ENT4190 – Entrepreneurship Theory in an International Context
This course focuses on theory of how to start and grow a successful, high-potential enterprise, and will address different key challenges facing such a start-up venture. The course takes place outside of Norway in cities like Boston, Houston, San Francisco, Singapore or Toronto.
After you have completed ENT4190, you will:
- know the historical background for and importance of entrepreneurship in the particular local, regional and national context
- know about the most important actors in the local ecosystem for entrepreneurship and the role they play
- understand how business ideas come to life and be able to assess business ideas
- be able to realise a business idea by applying tools, techniques and methods employed by successful entrepreneurs on areas such as
- strategic positioning and business model selection
- building the required team
- market research and marketing/sales
- harvesting options
- building and utilising a professional network of people
- have gained practical experience from working in teams
- have practised your ability to communicate effectively in business English through convincing pitches and presentations, in writing and orally.
Admission to the course
Enrolment in the study programme Gründerskolen is required.
Recommended previous knowledge
- 10 credits overlap with ENT4110 – Entrepreneurship theory from an American point of view (discontinued).
- 10 credits overlap with ENT4220 – Norwegian Practical Start-up Experience.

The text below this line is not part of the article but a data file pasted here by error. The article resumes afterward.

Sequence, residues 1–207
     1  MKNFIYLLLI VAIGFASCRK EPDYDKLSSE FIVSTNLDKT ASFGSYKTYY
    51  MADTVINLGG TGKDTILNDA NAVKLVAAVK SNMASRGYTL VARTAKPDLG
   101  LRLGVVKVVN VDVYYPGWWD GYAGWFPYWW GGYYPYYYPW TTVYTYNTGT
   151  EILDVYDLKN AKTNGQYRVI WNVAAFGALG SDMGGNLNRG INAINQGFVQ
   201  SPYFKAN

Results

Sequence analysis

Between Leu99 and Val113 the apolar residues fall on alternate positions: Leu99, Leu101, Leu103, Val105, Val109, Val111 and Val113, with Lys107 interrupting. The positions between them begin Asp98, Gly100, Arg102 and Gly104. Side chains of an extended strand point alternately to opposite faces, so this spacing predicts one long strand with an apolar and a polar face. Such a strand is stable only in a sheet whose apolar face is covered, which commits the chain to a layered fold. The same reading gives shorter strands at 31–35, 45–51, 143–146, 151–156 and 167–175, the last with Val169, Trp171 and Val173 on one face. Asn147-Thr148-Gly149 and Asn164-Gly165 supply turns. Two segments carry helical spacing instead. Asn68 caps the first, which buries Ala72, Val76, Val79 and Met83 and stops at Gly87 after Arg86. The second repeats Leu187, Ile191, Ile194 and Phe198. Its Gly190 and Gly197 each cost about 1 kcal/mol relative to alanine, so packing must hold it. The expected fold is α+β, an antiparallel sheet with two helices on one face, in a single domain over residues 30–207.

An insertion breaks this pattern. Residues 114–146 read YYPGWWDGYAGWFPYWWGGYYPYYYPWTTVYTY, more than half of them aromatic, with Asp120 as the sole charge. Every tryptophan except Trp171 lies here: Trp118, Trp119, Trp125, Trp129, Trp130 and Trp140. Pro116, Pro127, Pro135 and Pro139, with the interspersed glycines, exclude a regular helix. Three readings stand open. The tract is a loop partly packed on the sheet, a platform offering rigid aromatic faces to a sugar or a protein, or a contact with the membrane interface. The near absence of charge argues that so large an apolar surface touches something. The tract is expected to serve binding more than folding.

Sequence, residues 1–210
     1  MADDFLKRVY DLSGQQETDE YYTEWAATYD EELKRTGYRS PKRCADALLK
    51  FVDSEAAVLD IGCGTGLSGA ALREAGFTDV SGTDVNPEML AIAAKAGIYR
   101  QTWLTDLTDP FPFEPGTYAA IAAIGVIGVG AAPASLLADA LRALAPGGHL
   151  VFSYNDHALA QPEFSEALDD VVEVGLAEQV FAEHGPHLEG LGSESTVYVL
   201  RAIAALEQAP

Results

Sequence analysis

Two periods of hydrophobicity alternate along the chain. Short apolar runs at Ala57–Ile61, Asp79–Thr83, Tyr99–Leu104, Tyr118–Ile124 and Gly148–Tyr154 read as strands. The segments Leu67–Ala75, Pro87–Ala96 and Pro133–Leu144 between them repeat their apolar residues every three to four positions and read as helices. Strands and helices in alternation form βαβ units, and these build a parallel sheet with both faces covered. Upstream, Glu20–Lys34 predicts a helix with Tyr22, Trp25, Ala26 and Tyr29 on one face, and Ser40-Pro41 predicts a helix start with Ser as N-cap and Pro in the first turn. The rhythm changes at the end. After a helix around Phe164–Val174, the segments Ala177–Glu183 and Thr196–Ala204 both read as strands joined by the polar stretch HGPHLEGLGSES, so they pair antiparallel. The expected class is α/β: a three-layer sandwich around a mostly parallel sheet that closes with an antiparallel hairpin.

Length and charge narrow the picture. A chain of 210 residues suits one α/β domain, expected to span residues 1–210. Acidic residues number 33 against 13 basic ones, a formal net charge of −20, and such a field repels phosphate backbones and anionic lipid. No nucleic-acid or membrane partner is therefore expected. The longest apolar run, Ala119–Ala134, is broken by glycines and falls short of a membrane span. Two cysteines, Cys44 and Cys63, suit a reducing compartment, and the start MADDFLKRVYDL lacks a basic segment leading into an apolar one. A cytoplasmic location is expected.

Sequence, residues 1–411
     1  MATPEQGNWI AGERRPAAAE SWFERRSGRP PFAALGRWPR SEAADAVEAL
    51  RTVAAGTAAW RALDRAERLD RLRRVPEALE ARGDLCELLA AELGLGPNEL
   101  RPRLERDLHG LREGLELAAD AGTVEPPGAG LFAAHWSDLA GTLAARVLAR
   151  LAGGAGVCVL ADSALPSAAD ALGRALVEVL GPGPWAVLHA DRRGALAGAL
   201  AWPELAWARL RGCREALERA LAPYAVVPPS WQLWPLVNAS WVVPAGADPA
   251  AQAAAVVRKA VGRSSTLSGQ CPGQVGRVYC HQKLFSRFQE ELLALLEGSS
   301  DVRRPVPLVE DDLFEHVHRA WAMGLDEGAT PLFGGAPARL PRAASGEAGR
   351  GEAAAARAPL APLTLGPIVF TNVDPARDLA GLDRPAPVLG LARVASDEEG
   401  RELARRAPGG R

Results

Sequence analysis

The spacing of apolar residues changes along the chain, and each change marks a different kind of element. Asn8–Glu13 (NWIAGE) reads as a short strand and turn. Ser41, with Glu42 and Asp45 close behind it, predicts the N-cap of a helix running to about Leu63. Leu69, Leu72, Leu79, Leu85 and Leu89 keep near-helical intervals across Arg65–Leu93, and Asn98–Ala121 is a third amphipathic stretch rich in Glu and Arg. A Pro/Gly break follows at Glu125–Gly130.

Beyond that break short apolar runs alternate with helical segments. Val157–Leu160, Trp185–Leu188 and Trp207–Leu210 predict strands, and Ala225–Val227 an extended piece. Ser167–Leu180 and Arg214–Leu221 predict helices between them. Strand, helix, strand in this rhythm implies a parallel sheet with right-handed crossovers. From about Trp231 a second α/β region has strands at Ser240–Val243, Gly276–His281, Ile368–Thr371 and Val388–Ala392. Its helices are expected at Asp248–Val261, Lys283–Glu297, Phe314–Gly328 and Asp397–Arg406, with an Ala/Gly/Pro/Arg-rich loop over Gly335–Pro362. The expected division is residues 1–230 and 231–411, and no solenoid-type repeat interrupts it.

- 10 credits overlap with ENT4130 – Entrepreneurship theory from a Singaporean point of view (discontinued).
- 10 credits overlap with ENT4140 – Entrepreneurship theory from a South African point of view (discontinued).
- 10 credits overlap with ENT4150.
- 10 credits overlap with ENT4160.
- 10 credits overlap with MNGRUNDER7.
Classes once or twice a week at a local partner university during a 10 week long stay abroad. Classes may be held during daytime or in the afternoon/evening. The class format will be a mixture of lectures, guest lectures, case and/or classroom discussions and group work. Total class time will on average be equal to one full working day a week. In addition to class preparations each week there will be extensive group work on a project leading to the final course examination.
There are three components of mandatory assignments:
- 80% class participation
- active participation in class discussions
- individual written assignments
You will be assessed based on the two following parts:
- Final written group assignment based on group work during the course (count 50 %)
- Final group presentation and examination (count 50 %)
The exam takes place in local destination.
Mandatory assignments must be approved prior to the exam. The mandatory assignments and the final examinations must be passed in the same semester to pass the course.
The assessment is done for the group as a whole. Group members who do not fulfill their obligations can be assessed individually from the group.
Grades are awarded on a pass/fail scale. Read more about the grading system.
Resit an examination
Students who can document a valid reason for absence from the regular examination are offered a postponed examination at the beginning of the next semester.
Re-scheduled examinations are not offered to students who withdraw during, or did not pass the original examination.